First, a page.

A Brief History of Transylvania University
Thomas Jefferson was governor of Virginia when that state’s legislature chartered Transylvania in 1780 as the first college west of the Allegheny Mountains. He later looked to Transylvania as an educational model, writing to a friend in 1820 that “If…we [Virginians] are to go a begging any where for our education, I would rather it should be to Kentucky than any other state, because she has more of the flavor of the old cask than any other.”
By the time Kentucky became a state in 1792, Transylvania had already earned the reputation of offering a first-class education.
In its early years, Transylvania included a medical school, a law school, a seminary and a college of arts and sciences that educated thousands of the young nation’s leaders in government, business, medicine, law and education.
Famed statesman Henry Clay was a law professor and a member of Transylvania's Board of Trustees. Transylvania alumni include distinguished public figures such as founder and hero of Texas Stephen F. Austin, abolitionist Cassius M. Clay, U.S. vice presidents John C. Breckinridge and Richard M. Johnson and Supreme Court justices John Marshall Harlan and Samuel Freeman Miller. Fifty U.S. senators, 101 U.S. representatives, 36 governors and 34 ambassadors are numbered among Transylvania graduates.
Now in its third century, Transylvania continues to draw inspiration from its history while embracing the present and future as one of the nation’s top liberal arts colleges.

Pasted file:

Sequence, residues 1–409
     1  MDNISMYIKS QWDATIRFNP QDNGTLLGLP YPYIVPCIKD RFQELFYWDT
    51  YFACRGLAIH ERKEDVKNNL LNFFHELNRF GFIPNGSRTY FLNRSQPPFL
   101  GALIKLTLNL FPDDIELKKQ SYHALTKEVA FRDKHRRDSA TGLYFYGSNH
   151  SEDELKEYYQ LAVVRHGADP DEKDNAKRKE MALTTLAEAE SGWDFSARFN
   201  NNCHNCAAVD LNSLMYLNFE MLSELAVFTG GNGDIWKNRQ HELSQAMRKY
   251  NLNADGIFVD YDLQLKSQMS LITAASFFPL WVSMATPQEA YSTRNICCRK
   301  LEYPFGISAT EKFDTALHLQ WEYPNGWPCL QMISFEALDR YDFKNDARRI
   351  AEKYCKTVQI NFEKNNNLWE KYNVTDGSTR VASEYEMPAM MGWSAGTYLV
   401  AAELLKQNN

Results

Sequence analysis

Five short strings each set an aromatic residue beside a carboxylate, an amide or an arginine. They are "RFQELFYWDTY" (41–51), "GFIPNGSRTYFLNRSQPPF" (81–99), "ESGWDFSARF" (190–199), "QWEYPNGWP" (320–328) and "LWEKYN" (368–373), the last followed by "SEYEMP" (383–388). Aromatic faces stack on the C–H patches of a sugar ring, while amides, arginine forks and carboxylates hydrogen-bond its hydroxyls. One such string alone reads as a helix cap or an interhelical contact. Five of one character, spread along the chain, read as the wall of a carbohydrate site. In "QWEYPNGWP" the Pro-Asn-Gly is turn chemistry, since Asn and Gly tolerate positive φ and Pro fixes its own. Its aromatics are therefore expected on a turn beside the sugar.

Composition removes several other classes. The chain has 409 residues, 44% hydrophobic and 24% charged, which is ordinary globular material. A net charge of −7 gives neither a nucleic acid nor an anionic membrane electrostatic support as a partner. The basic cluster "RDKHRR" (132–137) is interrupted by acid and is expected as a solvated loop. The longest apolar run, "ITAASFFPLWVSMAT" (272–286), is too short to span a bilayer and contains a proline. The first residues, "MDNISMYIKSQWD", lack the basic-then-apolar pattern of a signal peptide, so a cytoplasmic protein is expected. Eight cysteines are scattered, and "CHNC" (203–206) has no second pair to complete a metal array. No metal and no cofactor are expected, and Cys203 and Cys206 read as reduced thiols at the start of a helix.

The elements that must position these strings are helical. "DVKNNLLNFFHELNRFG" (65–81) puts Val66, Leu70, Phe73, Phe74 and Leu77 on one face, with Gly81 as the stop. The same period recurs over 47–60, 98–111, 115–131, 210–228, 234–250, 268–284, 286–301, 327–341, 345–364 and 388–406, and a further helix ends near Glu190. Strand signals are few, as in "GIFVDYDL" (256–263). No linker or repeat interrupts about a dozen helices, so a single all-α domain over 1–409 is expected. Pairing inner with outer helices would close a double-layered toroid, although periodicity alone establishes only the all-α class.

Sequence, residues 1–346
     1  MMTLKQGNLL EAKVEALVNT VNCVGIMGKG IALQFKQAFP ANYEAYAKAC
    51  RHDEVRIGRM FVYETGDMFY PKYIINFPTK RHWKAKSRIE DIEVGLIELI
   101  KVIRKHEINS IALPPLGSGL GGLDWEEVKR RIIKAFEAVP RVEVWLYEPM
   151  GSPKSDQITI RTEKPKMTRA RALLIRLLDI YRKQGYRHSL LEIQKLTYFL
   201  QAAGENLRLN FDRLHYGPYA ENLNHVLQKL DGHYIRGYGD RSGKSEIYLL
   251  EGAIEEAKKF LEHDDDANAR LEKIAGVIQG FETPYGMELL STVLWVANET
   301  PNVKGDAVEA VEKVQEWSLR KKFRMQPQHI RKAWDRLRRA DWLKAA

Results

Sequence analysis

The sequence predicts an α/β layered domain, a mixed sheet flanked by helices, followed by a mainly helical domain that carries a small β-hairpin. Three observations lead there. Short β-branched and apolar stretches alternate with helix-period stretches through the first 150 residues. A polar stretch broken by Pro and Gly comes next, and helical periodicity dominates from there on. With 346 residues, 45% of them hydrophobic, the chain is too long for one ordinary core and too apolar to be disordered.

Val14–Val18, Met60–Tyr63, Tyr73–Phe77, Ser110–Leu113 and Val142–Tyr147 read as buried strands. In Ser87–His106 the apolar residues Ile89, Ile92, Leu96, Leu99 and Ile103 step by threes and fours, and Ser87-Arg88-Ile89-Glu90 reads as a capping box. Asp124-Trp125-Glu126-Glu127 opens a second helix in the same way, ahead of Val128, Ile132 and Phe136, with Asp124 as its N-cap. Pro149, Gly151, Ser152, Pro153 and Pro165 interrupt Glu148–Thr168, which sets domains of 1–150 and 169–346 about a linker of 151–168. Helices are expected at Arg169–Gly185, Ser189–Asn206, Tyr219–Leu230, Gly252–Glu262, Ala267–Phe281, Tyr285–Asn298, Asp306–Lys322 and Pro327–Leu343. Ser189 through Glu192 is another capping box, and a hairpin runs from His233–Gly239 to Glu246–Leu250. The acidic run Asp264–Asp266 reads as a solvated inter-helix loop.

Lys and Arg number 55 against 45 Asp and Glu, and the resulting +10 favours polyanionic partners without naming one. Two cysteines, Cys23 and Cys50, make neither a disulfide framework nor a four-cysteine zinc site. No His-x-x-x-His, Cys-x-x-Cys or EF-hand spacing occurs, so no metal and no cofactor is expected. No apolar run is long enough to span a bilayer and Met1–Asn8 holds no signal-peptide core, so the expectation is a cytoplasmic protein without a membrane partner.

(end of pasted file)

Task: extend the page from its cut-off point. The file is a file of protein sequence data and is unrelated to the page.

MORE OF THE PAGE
What's in the Name?
The name Transylvania comes from Latin and means “across the woods”—a good description of the vast, heavily forested area between the Ohio and Cumberland rivers first settled by American colonists in the 1770s. A group of pioneers (whose chief scout was Daniel Boone) chose the name Transylvania Colony when they established a settlement near modern-day Lexington.
The colony didn’t last. The name, however, lived on when the Virginia Assembly chartered our institution as Transylvania Seminary in 1780. We've been known by several different names over the years, even going by Transylvania College for more than half of the 20th century before finally returning to the historic name of Transylvania University in 1966.
The university seal was created in 1909. Inscribed on it is the university’s motto, In Lumine illo Tradimus Lumen, or “In That Light, We Pass On the Light.” The seal bears the heraldic symbols of a torch, hand, book and globe, which represent truth, faithfulness, learning and service to the world.
Transylvania is committed to cultivating a campus environment of mutual respect and impassioned conviction and developing leaders who will succeed in a diverse and connected world. The community embraces individuals of all faiths and spiritual practices and strives to create an atmosphere of honest inquiry where everyone feels welcome.
Transylvania established an affiliation with the Christian Church (Disciples of Christ) in 1865. The history of the Disciples reveals a focus on unity in faith, higher education as a path to understanding and tolerance when faced with differences. Transylvania is proud to embrace these same values.